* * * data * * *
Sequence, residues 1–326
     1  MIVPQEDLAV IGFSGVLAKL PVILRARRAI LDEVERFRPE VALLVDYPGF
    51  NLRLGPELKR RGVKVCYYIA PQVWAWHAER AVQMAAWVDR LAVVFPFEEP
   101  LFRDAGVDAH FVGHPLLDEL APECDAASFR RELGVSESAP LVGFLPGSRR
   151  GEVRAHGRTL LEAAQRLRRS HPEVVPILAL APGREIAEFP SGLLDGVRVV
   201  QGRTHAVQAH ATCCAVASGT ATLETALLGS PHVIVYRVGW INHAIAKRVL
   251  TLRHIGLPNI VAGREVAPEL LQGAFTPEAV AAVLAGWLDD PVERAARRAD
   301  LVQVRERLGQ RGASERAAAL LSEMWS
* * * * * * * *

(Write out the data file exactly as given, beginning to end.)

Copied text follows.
Sequence, residues 1–326
     1  MIVPQEDLAV IGFSGVLAKL PVILRARRAI LDEVERFRPE VALLVDYPGF
    51  NLRLGPELKR RGVKVCYYIA PQVWAWHAER AVQMAAWVDR LAVVFPFEEP
   101  LFRDAGVDAH FVGHPLLDEL APECDAASFR RELGVSESAP LVGFLPGSRR
   151  GEVRAHGRTL LEAAQRLRRS HPEVVPILAL APGREIAEFP SGLLDGVRVV
   201  QGRTHAVQAH ATCCAVASGT ATLETALLGS PHVIVYRVGW INHAIAKRVL
   251  TLRHIGLPNI VAGREVAPEL LQGAFTPEAV AAVLAGWLDD PVERAARRAD
   301  LVQVRERLGQ RGASERAAAL LSEMWS